Prima Facie reservations on Thomism

Reasons why I won’t commit to Thomism.  And why a “Reformed Thomism” is an uneasy alliance.

  1. Does Thomas hold to Aristotle’s view that two contrary principles can’t coexist?  Would this rule out the Incarnation?
  2. Thomas’s view of habitus is incompatible with the Reformed view of imputation.
  3. Thomas’s view of punishment and mortal sin demands Purgatory.
  4. If the soul is the form of the human body and a subsistent thing (aliquid subsistens), then Aquinas is hard-pressed to maintain the immortality of the soul.  (I know that sounds “Greek,” but all Christian positions must affirm that the soul survives the death of the body).
    1. I know Aquinas says a “subsistent thing” exists in its own right (ST I, q. 75, a.2).
    2. But if this is his argument, then what precisely has he advanced that the Augustinian-Platonic tradition had not yet advanced?
  5. I’m uneasy with his take on individuation.  Initially, matter is the principle of individuation.  But this is problematic for angels, since they are immaterial.  So he says each angel is its own species. So we have a tension.  Angels can’t be form + matter, yet the nature of divine simplicity seems to suggest that an angel can’t be identical with its existence.  So an angel is rather an admixture of act and potency.  What is immaterial potency?
  6. Much better to stay with the Augustinian-Platonic tradition on this one.  Or even the Greek fathers for that matter.
  7. Does Thomism demand transubstantiation?  How do Reformed guys square with that?

A Franciscan Counter to Thomism

This is not a rebuttal or refutation of Thomism.  It is a medieval alternative. I will offer my problems with Thomism in another post.

From the O’Donovan’s From Irenaeus to Grotius: A Sourcebook in Chritian Political Thought.

Notes on Bonaventura.  This follows a lot of my reading on the Thomists.  Basically, I have the same feeling about Thomism as I do about a loose tooth.  I don’t know exactly what’s wrong, but I am scared to bite down really hard.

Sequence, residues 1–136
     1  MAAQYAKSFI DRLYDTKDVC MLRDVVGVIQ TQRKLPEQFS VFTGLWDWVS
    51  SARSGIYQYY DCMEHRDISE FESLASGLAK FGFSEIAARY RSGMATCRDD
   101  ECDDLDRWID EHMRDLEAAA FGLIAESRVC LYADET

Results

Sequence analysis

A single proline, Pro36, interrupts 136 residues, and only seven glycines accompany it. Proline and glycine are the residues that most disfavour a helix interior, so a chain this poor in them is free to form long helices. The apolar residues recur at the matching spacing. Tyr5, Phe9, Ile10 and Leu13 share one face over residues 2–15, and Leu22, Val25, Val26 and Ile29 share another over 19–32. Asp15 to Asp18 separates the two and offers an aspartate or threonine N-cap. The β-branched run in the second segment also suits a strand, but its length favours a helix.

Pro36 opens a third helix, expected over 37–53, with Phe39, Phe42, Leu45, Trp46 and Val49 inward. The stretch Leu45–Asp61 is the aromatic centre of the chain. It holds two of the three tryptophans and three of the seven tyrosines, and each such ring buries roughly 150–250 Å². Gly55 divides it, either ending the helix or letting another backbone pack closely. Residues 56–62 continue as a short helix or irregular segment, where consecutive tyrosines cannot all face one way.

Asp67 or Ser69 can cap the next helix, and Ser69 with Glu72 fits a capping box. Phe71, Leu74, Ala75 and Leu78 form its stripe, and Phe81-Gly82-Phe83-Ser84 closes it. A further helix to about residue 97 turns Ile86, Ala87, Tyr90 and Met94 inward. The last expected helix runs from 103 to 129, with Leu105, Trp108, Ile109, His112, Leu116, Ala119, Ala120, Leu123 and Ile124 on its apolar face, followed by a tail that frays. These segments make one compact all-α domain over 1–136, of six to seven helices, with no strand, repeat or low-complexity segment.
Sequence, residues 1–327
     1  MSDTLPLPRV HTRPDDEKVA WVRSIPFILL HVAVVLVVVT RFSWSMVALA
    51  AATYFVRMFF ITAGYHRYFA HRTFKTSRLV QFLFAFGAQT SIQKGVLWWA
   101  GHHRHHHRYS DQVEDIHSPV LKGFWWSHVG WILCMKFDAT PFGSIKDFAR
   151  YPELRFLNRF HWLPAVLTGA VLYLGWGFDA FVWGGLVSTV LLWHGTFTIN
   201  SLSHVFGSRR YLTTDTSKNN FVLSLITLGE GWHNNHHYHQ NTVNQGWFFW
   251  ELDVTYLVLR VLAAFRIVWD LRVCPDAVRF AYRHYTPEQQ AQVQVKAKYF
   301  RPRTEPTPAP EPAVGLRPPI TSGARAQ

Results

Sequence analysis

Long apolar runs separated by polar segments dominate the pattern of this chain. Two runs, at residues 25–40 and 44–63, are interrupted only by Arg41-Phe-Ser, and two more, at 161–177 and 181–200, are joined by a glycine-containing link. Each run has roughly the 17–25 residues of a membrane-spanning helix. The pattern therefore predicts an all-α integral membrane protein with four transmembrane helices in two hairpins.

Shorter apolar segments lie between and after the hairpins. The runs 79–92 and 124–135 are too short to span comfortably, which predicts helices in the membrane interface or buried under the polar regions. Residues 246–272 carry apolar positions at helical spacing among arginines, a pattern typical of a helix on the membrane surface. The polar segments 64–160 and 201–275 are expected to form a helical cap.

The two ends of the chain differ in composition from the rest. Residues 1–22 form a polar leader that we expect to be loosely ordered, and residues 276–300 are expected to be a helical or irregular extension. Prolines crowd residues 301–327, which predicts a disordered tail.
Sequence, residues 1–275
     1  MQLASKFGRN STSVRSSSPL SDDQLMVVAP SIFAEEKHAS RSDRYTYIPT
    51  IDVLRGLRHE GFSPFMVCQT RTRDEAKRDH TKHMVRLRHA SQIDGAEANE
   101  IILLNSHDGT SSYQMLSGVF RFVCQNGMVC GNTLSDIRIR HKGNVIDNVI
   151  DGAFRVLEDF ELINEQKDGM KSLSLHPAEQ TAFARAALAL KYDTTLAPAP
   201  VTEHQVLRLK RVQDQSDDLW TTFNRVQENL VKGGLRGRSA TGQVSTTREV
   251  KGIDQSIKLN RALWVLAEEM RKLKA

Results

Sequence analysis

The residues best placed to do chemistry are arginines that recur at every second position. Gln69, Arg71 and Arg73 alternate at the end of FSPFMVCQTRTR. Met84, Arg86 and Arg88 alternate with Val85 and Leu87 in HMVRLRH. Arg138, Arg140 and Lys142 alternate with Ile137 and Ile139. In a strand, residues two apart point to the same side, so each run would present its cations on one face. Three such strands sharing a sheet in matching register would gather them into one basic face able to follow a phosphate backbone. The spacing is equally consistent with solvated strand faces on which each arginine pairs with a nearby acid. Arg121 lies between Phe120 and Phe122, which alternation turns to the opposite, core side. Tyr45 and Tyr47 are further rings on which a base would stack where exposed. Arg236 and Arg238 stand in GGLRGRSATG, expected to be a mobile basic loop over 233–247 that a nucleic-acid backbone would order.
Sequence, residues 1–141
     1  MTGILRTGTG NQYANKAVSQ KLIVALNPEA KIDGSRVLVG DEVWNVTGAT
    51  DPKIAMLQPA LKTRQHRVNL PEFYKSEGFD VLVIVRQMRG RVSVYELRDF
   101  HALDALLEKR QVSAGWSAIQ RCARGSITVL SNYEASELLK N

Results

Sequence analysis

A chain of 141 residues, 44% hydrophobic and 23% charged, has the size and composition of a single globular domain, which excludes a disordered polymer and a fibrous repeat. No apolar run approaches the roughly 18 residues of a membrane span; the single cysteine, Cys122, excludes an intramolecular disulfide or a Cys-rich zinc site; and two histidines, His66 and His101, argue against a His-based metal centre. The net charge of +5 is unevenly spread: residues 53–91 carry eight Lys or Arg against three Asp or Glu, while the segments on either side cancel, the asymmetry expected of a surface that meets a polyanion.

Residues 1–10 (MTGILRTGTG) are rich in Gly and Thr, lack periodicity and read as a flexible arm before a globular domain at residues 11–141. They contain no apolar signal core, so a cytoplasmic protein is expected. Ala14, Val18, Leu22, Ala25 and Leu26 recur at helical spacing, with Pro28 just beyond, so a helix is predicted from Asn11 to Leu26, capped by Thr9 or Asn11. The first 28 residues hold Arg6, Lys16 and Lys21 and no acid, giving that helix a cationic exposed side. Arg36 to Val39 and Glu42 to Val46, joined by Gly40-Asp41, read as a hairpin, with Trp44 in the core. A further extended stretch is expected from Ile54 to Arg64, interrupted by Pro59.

I suspect that a Thomist ontology is in tension with an Augustinian ontology.  I am following closely the O’Donovans’ reading on this point. (which is basically what I do on everything).

  1. Franciscan poverty was redefined from purely practical to legal terms.
    “The friars renounced, individually and in common, all ownership of property, so that they had mere use, not legal possesion, of temporal goods” (O’Donovans 309).
  2. “The Way of Evangelical Perfection.”  There is an intimate relationship between covetousness and pride in disordered human love: “That the soul’s excessive love of other beings and things, its consuming passion to possess them, is always for the sake of aggrandizing its own powers” (310).

Bonaventure and the Four Rights (311)

  1. The natural right of using necessary things universally available in creation, the community of earthly goods indispensable to sustenance.
  2. The divine right by which all things belong to the just, the community of righteous possession of the whole earth and of the Lord who made it
  3. the Civil Right, the community of private ownership of temporal things.
  4. The Right of Ecclesiastical Donation, the community of holding goods dedicated to God and conferred upon the churches.

For Bonaventure, the Franciscans had nonproprietary or simple use of goods owned and conceded by others per the first two rights.  But this isn’t simply a return to Adam.  As O’Donovan reads it, it is “a restoration mediated by participation in the cross of Christ” (311).

But I’m not a Thomist

I’ll try to make clear where I stand on Aquinas and Thomism.  I consider myself in “general conversation” with the Thomist tradition.  I find Thomas remarkably clear on the doctrine of God, quite profound on Christology, and very tantalizing in epistemology.

I commit myself to none of his positions, though.

And it is entertaining to watch Neo-Thomists tell you which Thomisms are the good guys and bad guys.  I lean closer to Kerr and De Lubac.

I am hesitant to commit to Thomas’s view on the soul.  I remain too much of a Augustinian/Platonist/Bonaventurian/Bernadian to commit myself on that point.